When you purchase a stock on the open market, you pay the prevailing price per share to purchase it, and its value is determined in a straightforward market-driven manner. Stock options have a more slippery and conceptual notion when determining their value, because their price hinges on the option price when granted as well as the open-market price. Investors and companies use two methods, intrinsic value and fair value, to price options. Because an option’s reported value can differ greatly depending upon what method determines it, investors should understand the two valuation methods when investigating any stock option purchases or financials when a company reports outstanding options.
Determining Fair Value of Options
1. Locate the market price of the stock on the day the option was issued using historical stock data. For example, Mr. Smith received options to purchase 500 shares of stock at $10 a share on a date when shares traded for $20 each, so the market price is $20 per share.
2. Determine the number of optionable shares available. In the example, Mr. Smith owns 500 shares.
3. Multiply the market price of the stock at the option’s issue date by the number of optionable shares to determine fair value. Mr. Smith’s options’ fair value is $10,000.
Determining Intrinsic Value of Options
1. Locate the excise price listed in the option agreement that specifies the preferred price an option holder can purchase stock. Continuing the example from above, Mr. Smith’s option price is $10 per share for his 500 optionable shares. Market prices on the date options were issued are irrelevant when determining intrinsic value.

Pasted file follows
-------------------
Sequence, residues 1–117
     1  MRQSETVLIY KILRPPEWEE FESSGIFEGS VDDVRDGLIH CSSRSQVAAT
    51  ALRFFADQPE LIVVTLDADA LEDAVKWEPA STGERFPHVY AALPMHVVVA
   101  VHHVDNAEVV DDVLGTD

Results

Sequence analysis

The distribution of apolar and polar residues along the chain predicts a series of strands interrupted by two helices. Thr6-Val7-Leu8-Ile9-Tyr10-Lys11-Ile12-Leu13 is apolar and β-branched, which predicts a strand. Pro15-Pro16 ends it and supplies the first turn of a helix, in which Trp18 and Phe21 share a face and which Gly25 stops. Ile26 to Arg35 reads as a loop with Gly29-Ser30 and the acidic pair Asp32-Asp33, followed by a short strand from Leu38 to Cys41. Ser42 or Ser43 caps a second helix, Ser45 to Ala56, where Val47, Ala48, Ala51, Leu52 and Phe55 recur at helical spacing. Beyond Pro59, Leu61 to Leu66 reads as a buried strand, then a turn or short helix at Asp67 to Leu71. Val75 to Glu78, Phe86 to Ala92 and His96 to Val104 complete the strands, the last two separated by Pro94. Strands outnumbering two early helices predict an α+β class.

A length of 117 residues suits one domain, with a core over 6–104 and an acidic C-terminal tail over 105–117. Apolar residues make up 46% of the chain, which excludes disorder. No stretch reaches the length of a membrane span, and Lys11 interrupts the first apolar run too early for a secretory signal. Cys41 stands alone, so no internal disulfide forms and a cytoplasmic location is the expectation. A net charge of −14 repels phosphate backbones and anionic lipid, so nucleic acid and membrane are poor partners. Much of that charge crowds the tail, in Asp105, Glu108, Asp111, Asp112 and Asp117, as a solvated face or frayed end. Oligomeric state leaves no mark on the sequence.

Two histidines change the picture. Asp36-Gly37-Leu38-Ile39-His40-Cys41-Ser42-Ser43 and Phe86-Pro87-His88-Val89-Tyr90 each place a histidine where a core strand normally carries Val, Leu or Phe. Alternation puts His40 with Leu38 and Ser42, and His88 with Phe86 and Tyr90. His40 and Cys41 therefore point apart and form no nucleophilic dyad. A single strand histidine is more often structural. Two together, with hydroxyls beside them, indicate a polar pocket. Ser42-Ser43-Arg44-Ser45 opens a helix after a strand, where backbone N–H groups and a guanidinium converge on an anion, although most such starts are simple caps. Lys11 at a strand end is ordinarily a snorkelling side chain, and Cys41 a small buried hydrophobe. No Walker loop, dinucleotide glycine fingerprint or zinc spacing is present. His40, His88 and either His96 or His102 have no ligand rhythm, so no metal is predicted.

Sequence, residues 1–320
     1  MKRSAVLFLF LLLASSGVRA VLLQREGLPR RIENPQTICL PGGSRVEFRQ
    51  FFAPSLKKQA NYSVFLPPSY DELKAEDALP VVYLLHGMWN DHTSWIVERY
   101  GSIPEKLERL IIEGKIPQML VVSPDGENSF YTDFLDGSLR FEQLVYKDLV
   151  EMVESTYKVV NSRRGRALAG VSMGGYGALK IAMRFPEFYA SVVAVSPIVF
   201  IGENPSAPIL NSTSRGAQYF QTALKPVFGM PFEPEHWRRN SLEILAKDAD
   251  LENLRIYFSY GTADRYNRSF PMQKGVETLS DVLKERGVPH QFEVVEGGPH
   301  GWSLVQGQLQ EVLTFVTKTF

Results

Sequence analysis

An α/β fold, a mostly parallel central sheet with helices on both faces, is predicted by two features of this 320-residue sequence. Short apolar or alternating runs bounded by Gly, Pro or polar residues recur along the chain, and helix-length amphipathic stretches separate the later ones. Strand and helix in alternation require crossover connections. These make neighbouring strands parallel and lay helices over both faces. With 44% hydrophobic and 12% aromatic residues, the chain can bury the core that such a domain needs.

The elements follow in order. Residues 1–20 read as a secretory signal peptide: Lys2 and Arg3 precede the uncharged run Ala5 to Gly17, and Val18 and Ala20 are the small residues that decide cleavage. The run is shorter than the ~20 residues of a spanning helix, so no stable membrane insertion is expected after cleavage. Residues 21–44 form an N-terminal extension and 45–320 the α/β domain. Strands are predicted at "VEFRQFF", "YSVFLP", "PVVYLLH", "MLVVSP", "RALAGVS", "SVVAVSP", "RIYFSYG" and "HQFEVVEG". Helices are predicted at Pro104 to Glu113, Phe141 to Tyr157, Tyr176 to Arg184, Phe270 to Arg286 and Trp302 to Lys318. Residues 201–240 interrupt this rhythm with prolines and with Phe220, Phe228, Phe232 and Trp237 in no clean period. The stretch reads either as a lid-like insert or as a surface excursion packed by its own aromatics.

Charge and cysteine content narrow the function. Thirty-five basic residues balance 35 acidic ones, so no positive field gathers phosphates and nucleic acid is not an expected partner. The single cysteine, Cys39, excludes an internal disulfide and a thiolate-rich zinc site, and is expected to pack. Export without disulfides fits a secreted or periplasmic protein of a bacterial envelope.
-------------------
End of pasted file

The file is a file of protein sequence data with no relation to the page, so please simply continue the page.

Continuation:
2. Determine the stock’s current open market price. By the time Mr. Smith’s options mature, the company’s stock trades at $23 per share. Multiply the open market price by the number of optionable shares. In this case, the stock’s open market value is $11,500.
3. Determine the amount necessary to exercise the stock option at option prices by multiplying the option price by the number of optionable shares. For Mr. Smith, it’s $5,000, or $10 x 500 shares.
4. Subtract the excise price from the current market price. The intrinsic value of Mr. Smith’s options are $6,500, or $11,500 – $5,000.
- The fair valuation of a stock option is concrete and doesn’t fluctuate with the stock’s current price because it’s based on historical data. The intrinsic value of an option is fluid, however, because it’s a function of the latest market price for the stock.
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